La Salle, amphibious assault ship Guadalcanal (LPH-7), guided missile cruisers Reeves (CG-24) and William H. Standley (CG-32), guided missile destroyer Kidd (DDG-993), and guided missile frigates Flatley (FFG-21) and Jarrett made for the area. Men of Sea, Air, Land (SEAL) Team 2, Cmdr. Marc Thomas officer-in-charge, backed-up by two Marine helos, boarded and captured the ship from a landing craft during the morning watch. The boarders gathered 24 survivors on board or from the water (one later died), impounded the minelayer, photographed evidence, and located at least nine remaining mines. The prisoners were later returned to Iran.
During a deployment to the Western Pacific, Indian Ocean, and Arabian Gulf (7 December 1990–6 June 1991), Jarrett, Cmdr. William L. Snyder in command, with two Sikorsky SH-60B Seahawks of Helicopter Antisubmarine Squadron (Light) (HSL) 45 Detachment 2 embarked, Lt. Cmdr. Thomas M. Cirillo, officer-in-charge, took part in the Persian Gulf War I. During the coalition air attacks in Operation Desert Storm, many Iraqi jets fled to Iran. Following Jarrett’s arrival in the Arabian Gulf on 25 January 1991, she consequently operated as an antiair picket off the Iranian coast (3–11 February).
The ship then embarked two Army Bell OH-58D Kiowas and 13 soldiers of B Troop, 4th Squadron, 17th Cavalry Regiment (Air) (Reconnaissance), 18th Aviation Brigade (Corps) (Airborne), Capt. Robert M. Cumbie, USA, in command. On 16 February 1991, the Kiowas flew a night coastal reconnaissance flight, and Jarrett re-directed them approximately 40 miles north to assess bomb damage on an Iraqi HY-2G Silkworm (CSS-C-2 Sea Eagle-2) surface-to-surface missile site. Navy Grumman A-6E Intruders bombed the site, but the helos discovered that the Intruders failed to destroy the Silkworms, and carrier jets bombed them again.
The two helicopters refueled on board Jarrett and lifted off, equipped with AGM-114 Hellfire air-to-ground missiles. Battleship Missouri (BB-63) operated a Pioneer UAV, Inc., RQ-2A Pioneer remotely piloted vehicle (RPV) subsequently designated an unmanned aerial vehicle (UAV) that helped the battleship direct her naval gunfire support of the troops fighting ashore. Crewmen launched the Pioneer with the assistance of a rocket-powered booster, and recovered the aircraft by utilizing a net strung between two cables on the fantail. The vehicle transmitted images to shipboard TV monitors that enabled men to “walk” rounds onto their targets. The Pioneer revealed that at least one Iraqi missile survived the second bombing, and one of the Kiowas launched a Hellfire that destroyed the Silkworm.
Jarrett passed through areas swept clear of mines off the Kuwaiti coast and joined British destroyer Gloucester (D.96) and frigate London (F.95) while they protected Missouri as the battleship shelled enemy troops ashore. An Iraqi battery at al-Fintas fired two Silkworms at the formation of allied ships, at 0452 on 25 February 1991. One of the Silkworms splashed into the sea shortly after the Iraqis launched it, but the other missile hurtled toward Missouri at 605 knots and a height of 375 feet above the water. The U.S. and British ships tracked the incoming missile on their radar, and Jarrett and an airborne Seahawk launched chaff (thousands of thin, radar-deflecting metal strips), torch (flares), and ducks (multiple decoys) to confound the missile’s guidance. Gloucester shot down the missile with two Sea Dart surface-to-air missiles. Missouri launched a Pioneer that discovered the Iraqi Silkworm battery and the battleship fired about 30 16-inch rounds and knocked out the battery. After the cease fire, Jarrett escorted merchant ships through “mine danger areas” (1 March–14 April).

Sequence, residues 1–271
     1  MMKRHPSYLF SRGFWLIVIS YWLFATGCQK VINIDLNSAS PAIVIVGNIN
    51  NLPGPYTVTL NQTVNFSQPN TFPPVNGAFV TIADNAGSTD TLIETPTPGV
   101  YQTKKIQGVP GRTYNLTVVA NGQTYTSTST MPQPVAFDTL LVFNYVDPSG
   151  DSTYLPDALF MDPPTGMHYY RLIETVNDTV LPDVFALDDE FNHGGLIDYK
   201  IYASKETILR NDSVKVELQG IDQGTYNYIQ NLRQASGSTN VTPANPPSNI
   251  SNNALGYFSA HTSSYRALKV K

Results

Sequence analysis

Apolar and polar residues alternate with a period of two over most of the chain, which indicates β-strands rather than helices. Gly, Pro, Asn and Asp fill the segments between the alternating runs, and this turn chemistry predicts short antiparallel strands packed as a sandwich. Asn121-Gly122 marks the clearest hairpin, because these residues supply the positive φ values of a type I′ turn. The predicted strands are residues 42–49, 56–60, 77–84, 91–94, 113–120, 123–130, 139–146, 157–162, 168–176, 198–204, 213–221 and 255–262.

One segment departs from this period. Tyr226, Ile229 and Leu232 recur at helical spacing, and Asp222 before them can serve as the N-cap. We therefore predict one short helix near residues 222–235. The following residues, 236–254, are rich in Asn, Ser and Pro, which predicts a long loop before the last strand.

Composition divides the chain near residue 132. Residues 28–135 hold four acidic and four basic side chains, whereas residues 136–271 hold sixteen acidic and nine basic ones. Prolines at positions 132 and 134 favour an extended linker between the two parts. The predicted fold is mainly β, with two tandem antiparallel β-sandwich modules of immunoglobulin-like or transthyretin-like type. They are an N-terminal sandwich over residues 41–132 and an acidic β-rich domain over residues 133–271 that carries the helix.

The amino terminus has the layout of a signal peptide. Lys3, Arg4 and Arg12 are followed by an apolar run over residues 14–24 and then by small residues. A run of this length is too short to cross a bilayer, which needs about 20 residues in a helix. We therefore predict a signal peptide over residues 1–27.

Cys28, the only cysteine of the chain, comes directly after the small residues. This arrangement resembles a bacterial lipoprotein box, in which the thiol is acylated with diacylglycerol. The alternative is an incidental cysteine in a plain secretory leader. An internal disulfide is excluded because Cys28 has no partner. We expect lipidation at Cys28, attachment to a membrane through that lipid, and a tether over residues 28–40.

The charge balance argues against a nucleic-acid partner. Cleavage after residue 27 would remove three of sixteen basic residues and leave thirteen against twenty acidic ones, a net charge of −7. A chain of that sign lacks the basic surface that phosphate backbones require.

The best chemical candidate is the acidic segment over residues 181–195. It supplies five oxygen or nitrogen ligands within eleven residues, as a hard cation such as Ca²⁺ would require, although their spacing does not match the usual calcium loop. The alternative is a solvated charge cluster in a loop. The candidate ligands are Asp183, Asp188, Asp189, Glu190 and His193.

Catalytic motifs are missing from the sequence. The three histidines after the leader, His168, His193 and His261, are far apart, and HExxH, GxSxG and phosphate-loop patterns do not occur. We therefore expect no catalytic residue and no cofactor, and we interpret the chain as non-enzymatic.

Alaska Airlines Flight 261, a McDonnell Douglas MD-83 airliner, crashed into the Pacific north of Anacapa Island, Calif., killing all 88 people on board, on 31 January 2000. A Lockheed NP-3D Orion from Point Mugu, Calif., two Sikorsky HH-60H Seahawks from Helicopter Sea Combat Squadron (HCS) 5 from Point Mugu, and Coast Guard helos and a Lockheed HC-130H Hercules responded. Aircraft carrier Abraham Lincoln (CVN-72) supported rescue crews, and Navy mapping with underwater side scanning sonar and video enabled the searchers to recover pieces of wreckage. Reinforcements included amphibious transport dock Cleveland (LPD-7), destroyer Fife (DD-991) and Jarrett, these ships embarked HH-60 and SH-60 Seahawks, and a Lockheed S-3B Viking from North Island, Calif.
The ship, with HSL-49 Detachment 3 and Pacific Tactical Law Enforcement Detachment 101 embarked (followed by 107), sailed on a counter-narcotics deployment to the Eastern Pacific (11 May–19 October 2009). Her operations resulted in the seizure or disruption of the smuggling of over nine tons of narcotics with an estimated street value of $266 million.
Jarrett was decommissioned at San Diego on 21 April 2011. She is berthed, pending disposal, at the Naval Sea Systems Command (NavSea) Inactive Ships On-site Maintenance Office, Bremerton, Wash.
Detailed history under construction.
Mark L. Evans
16 January 2014